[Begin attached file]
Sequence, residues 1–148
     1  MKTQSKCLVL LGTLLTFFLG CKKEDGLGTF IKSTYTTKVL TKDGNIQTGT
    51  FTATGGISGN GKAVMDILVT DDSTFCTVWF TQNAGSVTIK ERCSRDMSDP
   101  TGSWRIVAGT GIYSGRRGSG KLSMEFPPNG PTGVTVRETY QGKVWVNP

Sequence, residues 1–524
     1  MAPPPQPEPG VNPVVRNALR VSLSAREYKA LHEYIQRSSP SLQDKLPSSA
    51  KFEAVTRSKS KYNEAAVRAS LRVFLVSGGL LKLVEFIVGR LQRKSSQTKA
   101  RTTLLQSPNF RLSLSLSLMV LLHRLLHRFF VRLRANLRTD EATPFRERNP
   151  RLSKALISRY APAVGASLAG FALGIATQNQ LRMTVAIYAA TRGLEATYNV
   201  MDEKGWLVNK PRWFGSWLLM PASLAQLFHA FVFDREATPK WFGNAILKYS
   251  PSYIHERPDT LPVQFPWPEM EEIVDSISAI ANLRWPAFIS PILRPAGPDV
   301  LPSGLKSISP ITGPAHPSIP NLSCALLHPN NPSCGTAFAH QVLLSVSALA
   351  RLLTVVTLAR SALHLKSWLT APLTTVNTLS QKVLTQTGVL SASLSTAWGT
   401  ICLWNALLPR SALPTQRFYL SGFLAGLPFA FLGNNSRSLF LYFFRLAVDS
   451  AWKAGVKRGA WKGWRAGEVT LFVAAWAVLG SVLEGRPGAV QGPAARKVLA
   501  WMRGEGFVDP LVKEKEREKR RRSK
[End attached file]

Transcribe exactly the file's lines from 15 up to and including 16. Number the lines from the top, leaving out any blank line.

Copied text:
   451  AWKAGVKRGA WKGWRAGEVT LFVAAWAVLG SVLEGRPGAV QGPAARKVLA
   501  WMRGEGFVDP LVKEKEREKR RRSK